July 21, 2007

Higher education and its lows

This article originally appeared in The Indian Express on July 21, 2007.

There is a reason why over 80,000 Indian families are breaking the bank to enroll their children in American universities. The state of India’s higher education is shameful for a country that prides itself as a rising “knowledge power”. Indian institutions fail to make the top 100 in most global rankings of universities, including those compiled by Shanghai Jiao Tong University or Newsweek magazine. Only the collective Indian Institutes of Technology and Indian Institutes of Management feature in the top hundred according to rankings in the Times Higher Education Supplement. “Almost two-third of our universities and 90 per cent of our colleges are rated as below average on quality parameters,” Prime Minister Manmohan Singh revealed last month in Mumbai.

The lack of quality among India’s universities is compounded by the lax system of accreditation and recognition. This partially explains why India has, by some counts, almost 18,000 institutes of higher learning — if one were to count affiliated colleges — compared to about 6,000 in the United States. When Chhattisgarh chose to relax restrictions on private universities in 2002, numerous unaccredited, privately-run ‘storefront universities’ sprang up almost overnight.

India’s record in quaternary education and research, in particular, is dismal. The country had between ten and eleven million students enrolled in its institutes of higher education in 2001-02, comparable to the estimated twelve million enrolled in China and sixteen million enrolled in the US. However, the country produces only about 6,000 doctorates a year, compared to 9,000 in China and 25,000 in the US. Microsoft Senior Vice President Craig Mundie noted in 2005 that Indian universities awarded about 50 PhDs in computer science annually — less than a large computer science department in a single US university.

The absence of substantive reform will threaten India’s ability to continue its vibrant economic growth, based as it is on services and high-end manufacturing. A draft bill on foreign educational institutions, which has not yet been introduced in Parliament, would do little to alleviate the crisis of Indian academia.

The bill seeks “the prevention of commercialisation” of higher education by foreign institutions and controls the curricula and content of foreign universities’ courses. Rather than scaling back the power of the University Grants Commission (UGC) to disbursing grants to and maintaining public institutions, as the National Knowledge Commission recommended to the prime minister last November, this bill puts more power in the UGC’s hands. It is hardly the “systematic overhaul” of higher education that the Knowledge Commission said the country direly needed.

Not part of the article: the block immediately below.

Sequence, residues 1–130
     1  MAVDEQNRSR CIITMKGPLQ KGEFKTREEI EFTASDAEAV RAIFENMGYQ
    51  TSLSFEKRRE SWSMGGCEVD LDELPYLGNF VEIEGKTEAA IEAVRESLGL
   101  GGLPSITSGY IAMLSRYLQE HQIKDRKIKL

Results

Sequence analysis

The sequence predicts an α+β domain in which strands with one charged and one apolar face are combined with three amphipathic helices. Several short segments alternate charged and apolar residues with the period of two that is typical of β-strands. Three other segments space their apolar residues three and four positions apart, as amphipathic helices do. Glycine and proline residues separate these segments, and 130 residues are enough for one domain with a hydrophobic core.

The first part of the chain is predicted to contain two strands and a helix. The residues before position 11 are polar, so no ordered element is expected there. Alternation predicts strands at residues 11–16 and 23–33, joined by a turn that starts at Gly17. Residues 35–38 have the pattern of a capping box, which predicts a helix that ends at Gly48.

A major overhaul should include, among other measures, tax incentives for philanthropic contributions to universities, independent but standardised accreditation, deregulated salaries for faculty members, and regular evaluation of accredited institutions. Foreign investment in the higher education sector cannot be discouraged. Increased funding and an improvement in quality will in turn allow for scholarships for economically underprivileged students, greater retention of faculty, and better research incentives for both students and academics.

Increased financial incentives for professors and doctoral students are of particular importance in an increasingly global educational environment. In the US, PhD awardees, primarily researchers and academics, earn on an average about 80 per cent of the earnings of graduates with professional degrees (such as doctors and lawyers), over 140 per cent of the earnings of masters degree recipients and more than 170 per cent of what is earned by graduates with only bachelor degrees. In India, the government-regulated academic and research system struggles to provide salaries even comparable to the private sector in India or academic institutions abroad.

However, there is room for cautious optimism. The All India Council for Technical Education, which accredits engineering institutions, was made a provisional member of the Washington Accord last month, demonstrating that the current regime can make steps in the right direction when motivated. At the same speech in Mumbai where he lamented the state of higher education, the prime minister unveiled measures to set up 30 new central universities, with an aim to equip them with high-quality faculty and resources. The Planning Commission promptly followed up on this pronouncement with a blueprint for the new universities.

So far, so good. But if he wants to ensure the longevity of the financial reforms he set in motion sixteen years ago, the prime minister must build on the public statements and blueprints and ensure that the liberalisation of higher education proceeds quickly, smoothly and effectively.